Finally, the response was modeled as a non-linear combination of the two stimuli. Whilst there are many possible ways in which combining these responses could be combined nonlinearly, we found that a linear summation of the saturating response to each of the two stimuli, combined with an interaction in which the magnitude of the response to optic flow was modulated by the air speed (as shown in Figure 4e), was able to predict the observed ranges of the responses to the two stimuli, either in isolation or in combination (see Figure 5d and e). To modulate the optic flow response by air speed, a saturating function of air speed, Sat.AS2 (Figure 5b) was used to adjust the gain along the optic flow pathway, Sat.OF (Figure 5c). While the output of Sat.AS1 (Figure 5a) increases as the air speed is increased, the output of Sat.AS2 decreases with increasing airspeed (Figure 5c). This interaction can be viewed as a gain control that is exerted by the airflow sensing pathway on the optic flow sensing pathway, in which the gain of the optic flow pathway is progressively reduced as the air speed increases. This postulated interaction successfully predicts the peak that is consistently observed at 0.5 m/s in the response to variation of air speed (Figure 4i), which arises from slight differences in the thresholds and slopes of the saturating functions Sat.AS1 and Sat.AS2.

Figure 5
figure 5

Model describing the non-linear interaction of air speed and optic flow.

The plots indicated by dashed lines show the input-output relationships at various stages of the model. (a) Response to air speed, (b) Modulation of gain of the optic flow path way by air speed, (c) Response to optic flow, (d) Measured response, (e) Predicted response. Abbreviations: AS – air speed, OF – optic flow, AbP – Abdomen pitch. Model details are shown in Supp. 5.a.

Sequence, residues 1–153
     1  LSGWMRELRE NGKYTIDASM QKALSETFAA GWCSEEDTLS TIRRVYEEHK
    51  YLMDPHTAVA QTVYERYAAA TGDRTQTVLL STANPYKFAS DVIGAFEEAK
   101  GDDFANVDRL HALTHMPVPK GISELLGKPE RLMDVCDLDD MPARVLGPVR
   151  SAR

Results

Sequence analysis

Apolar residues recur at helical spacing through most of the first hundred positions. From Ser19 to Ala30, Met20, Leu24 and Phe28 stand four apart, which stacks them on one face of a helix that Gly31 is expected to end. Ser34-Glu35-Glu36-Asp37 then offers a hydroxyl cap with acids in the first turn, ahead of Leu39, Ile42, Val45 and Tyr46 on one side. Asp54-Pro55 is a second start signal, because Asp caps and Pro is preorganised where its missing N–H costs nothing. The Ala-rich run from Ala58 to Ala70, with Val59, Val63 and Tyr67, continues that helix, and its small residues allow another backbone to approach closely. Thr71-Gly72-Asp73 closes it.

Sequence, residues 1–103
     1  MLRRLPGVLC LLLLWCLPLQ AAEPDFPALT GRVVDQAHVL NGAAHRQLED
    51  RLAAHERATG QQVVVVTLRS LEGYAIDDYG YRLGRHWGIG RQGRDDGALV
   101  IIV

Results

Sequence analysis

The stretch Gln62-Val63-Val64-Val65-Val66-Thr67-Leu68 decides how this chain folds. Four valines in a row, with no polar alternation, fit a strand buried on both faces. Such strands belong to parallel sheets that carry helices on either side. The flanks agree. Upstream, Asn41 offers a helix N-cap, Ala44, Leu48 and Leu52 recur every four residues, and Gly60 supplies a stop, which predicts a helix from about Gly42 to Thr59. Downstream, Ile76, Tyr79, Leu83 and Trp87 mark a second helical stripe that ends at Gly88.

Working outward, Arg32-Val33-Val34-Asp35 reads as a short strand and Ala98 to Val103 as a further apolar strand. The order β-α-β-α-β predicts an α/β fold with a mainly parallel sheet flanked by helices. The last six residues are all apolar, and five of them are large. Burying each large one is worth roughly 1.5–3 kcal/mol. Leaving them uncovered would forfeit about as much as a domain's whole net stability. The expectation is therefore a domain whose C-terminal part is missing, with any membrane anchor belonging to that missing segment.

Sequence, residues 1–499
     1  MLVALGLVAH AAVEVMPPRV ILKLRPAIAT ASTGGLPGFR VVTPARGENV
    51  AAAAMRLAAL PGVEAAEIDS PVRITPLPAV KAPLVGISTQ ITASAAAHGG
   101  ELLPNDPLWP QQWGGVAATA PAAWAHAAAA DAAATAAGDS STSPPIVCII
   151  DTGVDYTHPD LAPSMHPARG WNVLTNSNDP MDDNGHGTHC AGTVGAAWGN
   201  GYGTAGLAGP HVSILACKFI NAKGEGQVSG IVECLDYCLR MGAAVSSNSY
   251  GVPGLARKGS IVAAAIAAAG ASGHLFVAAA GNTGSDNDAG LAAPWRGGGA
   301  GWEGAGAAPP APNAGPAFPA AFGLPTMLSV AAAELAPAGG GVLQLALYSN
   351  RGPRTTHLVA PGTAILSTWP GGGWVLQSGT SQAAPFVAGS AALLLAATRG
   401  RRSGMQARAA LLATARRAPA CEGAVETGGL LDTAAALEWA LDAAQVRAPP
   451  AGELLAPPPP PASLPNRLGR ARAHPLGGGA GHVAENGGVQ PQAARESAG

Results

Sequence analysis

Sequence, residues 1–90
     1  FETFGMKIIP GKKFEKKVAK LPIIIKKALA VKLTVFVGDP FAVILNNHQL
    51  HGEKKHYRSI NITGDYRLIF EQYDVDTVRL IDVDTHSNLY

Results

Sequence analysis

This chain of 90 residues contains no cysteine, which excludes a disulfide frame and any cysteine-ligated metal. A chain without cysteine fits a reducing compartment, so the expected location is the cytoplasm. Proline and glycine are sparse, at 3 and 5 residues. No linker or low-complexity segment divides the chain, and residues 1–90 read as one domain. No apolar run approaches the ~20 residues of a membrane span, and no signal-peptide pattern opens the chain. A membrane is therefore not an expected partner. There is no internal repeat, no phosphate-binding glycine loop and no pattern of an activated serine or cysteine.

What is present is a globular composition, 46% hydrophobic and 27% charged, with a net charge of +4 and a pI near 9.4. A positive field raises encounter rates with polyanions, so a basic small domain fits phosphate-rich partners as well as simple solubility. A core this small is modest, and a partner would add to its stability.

A summary of the model, showing the block diagram and the exact profiles of the three nonlinearities is shown in Figure 5. This figure also shows a comparison of the experimentally measured two-dimensional response surface (Figure 5d) with that predicted by the model (Figure 5e). This model is designed to predict the response for positive air speeds and optic flows, the standard flight conditions for a honeybee.

Streamlining in the absence of antennal information

Whilst this model captures the response of normally tethered honeybees, can one predict the honeybee's streamlining responses when they are deprived of air flow information from their antennae? From Figures 2 and 3 it is clear that whilst both antennal manipulations are significantly different from the control case, the response is also modulated by air speed to some extent, which in the case of antenna amputated bees is significant. From this, we might assume that streamlining is not only driven by optic flow following these manipulations, but that the honeybee receives some measure of air speed from other sensory organs, that would usually be combined with information from the antenna.

If all model parameters are refit (Supp. 5.b), then the model is able to predict the honeybee's response to air speed after either type of antennal manipulations (Figure 4h and k and Figure S6). Notably, different model fits are required to capture the observation that streamlining is increased at high air speed when the antennae are amputated, but decreased at similar air speeds when the pedicels are waxed. It turns out that in both cases the response range, or gain, of both saturating functions is reduced (Table S2-1), which might be expected given that the honeybee's primary air speed sensor has been disabled. However, it is surprising that honeybees react differently to the two different manipulation cases, given that the same sensory information has been removed (waxing a honeybee's pedicel has been shown to completely remove any response to air speed from the antennal nerve, which would otherwise be present in intact antennae15). In both cases, they would presumably have the same remaining alternate, but unknown, mechanisms of sensing air speed. If the sensory systems are the same and the outputs are different, but our model can still predict the outcome, then it appears that the manipulated bees must have used different weightings at the neural level for combining the two sensory modalities. We shall comment on this further in the Discussion.